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The Wrath of God is Not the Tribulation

A common myth in Western Christianity is that when Jesus spoke about a season of "great tribulation" (Matt 24:21,) He was talking about God's wrath which occurs at the Day of the Lord. This misunderstanding, along with another often quoted scripture, "For God did not appoint us to suffer wrath but to receive salvation through our Lord Jesus Christ." (1 Thess 5:9), has lead many to the erroneous and unbiblical conclusion that the Rapture of the Church will happen prior to what has become known as "the Great Tribulation." A whole book could be written on the subject, but let us just address one problem in the space of this blog post. Jesus never uses these two words, "tribulation" and "wrath," interchangeably. In fact, in only one verse, could I find any hint of tribulation being equated with the judgement of God. The preponderance of evidence points to

1) the Church enduring tribulation from the World, and

2) the World enduring the wrath of God on the Day of the Lord.

If we are going to rightly divide the Word of truth, we must first understand the words that are chosen in these passages, and utilize the definitions originally indented for them, and not our western "christian" presuppositions.

These two words in Greek, are actually very easy to understand. Let us first look at the Greek word which has been translated "tribulation," In this context: it is the word "thlipsis". According to Strong's Concordance the meaning of this word is "persecution, affliction, distress.". It is helpful to look at other passages where this word is used, so we can understand the full meaning. Take Matthew 13: 20-21, where Jesus gives the interpretation for the parable of the sower: "The one on whom seed was sown on the rocky places, this is the man who hears the word and immediately receives it with joy; yet he has no firm root in himself, but is only temporary, and when affliction or persecution (thlipsis) arises because of the word, immediately he falls away." So in this passage Jesus explains that believers will experience "thlipsis" (persecution) because of the Word, and the ones on "rocky soil" will quickly fall away when that persecution comes. Notice, Jesus tells us that these people will "receive it [the word] with joy," but have "no firm root." We learn, some believers according to Jesus, will fall away, not because Jesus is rejecting them, but they are walking away from the faith when persecution comes. Notice also, there is no mention of God's wrath in this context. Let's see where else this word thlipsis is used in the New Testament.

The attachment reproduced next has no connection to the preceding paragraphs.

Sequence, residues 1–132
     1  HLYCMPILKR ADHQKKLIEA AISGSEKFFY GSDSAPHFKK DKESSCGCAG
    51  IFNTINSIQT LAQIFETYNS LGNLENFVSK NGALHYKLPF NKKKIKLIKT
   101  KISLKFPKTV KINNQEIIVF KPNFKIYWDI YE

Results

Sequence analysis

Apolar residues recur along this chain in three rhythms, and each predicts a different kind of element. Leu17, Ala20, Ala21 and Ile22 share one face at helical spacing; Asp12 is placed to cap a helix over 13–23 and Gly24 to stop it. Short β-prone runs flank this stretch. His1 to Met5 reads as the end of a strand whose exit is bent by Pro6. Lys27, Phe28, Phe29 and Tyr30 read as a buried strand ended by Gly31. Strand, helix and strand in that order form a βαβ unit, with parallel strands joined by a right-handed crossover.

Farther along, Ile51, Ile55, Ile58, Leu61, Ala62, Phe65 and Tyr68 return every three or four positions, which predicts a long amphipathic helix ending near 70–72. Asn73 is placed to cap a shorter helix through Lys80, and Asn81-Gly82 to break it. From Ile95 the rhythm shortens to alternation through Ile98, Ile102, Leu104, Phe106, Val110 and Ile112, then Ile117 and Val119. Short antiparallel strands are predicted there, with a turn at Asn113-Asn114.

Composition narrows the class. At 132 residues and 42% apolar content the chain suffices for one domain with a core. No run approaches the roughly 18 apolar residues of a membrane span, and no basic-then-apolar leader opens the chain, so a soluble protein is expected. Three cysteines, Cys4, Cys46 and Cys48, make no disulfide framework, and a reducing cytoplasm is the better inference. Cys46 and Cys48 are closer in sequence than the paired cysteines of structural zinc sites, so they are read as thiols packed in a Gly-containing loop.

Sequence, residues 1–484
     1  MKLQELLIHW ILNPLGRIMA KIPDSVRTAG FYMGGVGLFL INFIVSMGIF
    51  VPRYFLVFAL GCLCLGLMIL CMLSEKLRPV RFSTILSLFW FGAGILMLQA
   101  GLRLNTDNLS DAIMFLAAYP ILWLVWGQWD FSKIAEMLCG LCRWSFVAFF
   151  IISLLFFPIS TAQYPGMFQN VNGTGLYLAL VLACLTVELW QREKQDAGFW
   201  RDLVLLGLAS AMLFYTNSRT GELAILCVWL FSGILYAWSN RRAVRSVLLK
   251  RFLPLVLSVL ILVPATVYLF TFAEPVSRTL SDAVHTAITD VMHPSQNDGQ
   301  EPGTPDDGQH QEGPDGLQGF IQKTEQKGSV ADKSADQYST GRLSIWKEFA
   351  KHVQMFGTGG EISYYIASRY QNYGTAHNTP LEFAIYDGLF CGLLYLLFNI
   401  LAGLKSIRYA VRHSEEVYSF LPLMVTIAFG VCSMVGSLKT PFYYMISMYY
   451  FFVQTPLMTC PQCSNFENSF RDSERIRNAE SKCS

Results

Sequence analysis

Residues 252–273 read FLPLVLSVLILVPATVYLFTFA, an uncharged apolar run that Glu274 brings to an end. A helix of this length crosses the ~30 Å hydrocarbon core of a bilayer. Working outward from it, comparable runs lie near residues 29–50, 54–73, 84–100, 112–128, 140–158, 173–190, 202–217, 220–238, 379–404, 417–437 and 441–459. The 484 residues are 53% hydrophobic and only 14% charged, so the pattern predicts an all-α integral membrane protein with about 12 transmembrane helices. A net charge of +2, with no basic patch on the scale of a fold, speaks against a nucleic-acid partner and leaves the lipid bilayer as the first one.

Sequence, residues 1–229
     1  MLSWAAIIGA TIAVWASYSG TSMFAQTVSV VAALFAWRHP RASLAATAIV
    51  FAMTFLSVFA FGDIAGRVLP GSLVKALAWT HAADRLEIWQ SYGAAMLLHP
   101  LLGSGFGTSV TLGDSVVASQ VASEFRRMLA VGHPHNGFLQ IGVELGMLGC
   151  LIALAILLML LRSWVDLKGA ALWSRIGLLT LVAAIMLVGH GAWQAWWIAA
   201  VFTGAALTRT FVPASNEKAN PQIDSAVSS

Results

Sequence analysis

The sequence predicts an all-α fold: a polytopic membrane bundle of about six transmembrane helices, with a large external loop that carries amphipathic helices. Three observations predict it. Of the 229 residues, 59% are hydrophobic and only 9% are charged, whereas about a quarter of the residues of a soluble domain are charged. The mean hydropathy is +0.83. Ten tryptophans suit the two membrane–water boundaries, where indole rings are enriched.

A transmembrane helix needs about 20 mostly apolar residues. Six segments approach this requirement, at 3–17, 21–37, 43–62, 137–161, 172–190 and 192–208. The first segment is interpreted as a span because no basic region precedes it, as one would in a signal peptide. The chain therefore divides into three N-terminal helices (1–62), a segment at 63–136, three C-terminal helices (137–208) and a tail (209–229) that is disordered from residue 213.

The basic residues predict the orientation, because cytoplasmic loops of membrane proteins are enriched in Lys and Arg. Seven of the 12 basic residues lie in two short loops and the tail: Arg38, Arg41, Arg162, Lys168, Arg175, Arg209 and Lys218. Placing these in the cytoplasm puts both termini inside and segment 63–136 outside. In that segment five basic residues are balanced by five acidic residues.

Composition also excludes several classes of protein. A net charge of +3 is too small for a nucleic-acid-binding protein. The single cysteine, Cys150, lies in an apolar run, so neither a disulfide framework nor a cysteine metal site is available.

Coming back to Matthew 24, Jesus, responding to the disciples query about the Sign of His Coming and the End of the Age, prophesies this: then they will deliver you to tribulation (thlipsis), and will kill you, and you will be hated by all nations because of My name. At that time many will fall away and will betray one another and hate one another." (Matt 24:9 &10) This sounds quite similar to the parable of the sower, does it not? [Side note: some people incorrectly claim this passage is intended for the Jews, but the problem is that it is the same group of disciples, to whom Jesus was speaking here, that He gave the Great Commission and the parable of the wise and foolish virgins. Are not those passages obviously for the church? So we logically conclude, either Jesus was speaking to the Church in all thee instances (the Great Commission, Parable of the Virgins, and Prediction for Persecution) or He was not. Further, what non-believing Jewish person is going to be hated and killed because of Jesus' name? All logic points to this being a statement for the Church.] Again, we see Jesus promising persecution (thlipsis) to the Church and a great falling away (for those who have no root.)

In John 16:21 Jesus explains how the disciples will feel sorrow while the world rejoices at His death, but that they will experience joy afterward. "Whenever a woman is in labor she has pain, because her hour has come; but when she gives birth to the child, she no longer remembers the anguish because of the joy that a child has been born into the world." Notice here the word thlipsis is being translated "anguish" and it is this analogy of a woman travailing in labor. And to what did Jesus tell us the End Times would be similar? Birth pains; it will be like a woman in labor. We should expect a thlipsis (suffering: birth pains) to happen prior to Jesus return. And to whom does the suffering happen? Believers. Much more could be said on this topic.Here are just a handful of the forty-five other New Testament usages.

In each case we see that it is believers who are called to suffer "thlipsis" for the name of Christ. Now, let us address the word translated "wrath" and it's implications. First, the word translated "wrath" in 1 Thessalonians 5:9 (mentioned above), is the word "orge," and according to Strong's Concordance means "anger, wrath, punishment, vengeance." Over and over, these verses contain references to the wrath of God in the outpouring of His judgement on the Earth on the Day of the Lord. Here are just a few.

So as we can see, the word's thlipsis (tribulation/affliction) and orge (wrath) have two totally different meanings and are not used synonymously in scripture. Therefore, we must not use these terms interchangeably because they are referring to different End Times events. If one uses these terms incorrectly, and non-biblically, it will lead to wrong conclusions about what will happen during the Last Days. I want to make sure you are not like the shallow rooted plants of which Jesus spoke, that faded quickly under the heat of persecution. Dig deep into the Word of God which is soil that will lead to life everlasting in Christ. Remember "He who stands firm to the end will be saved." -Jesus

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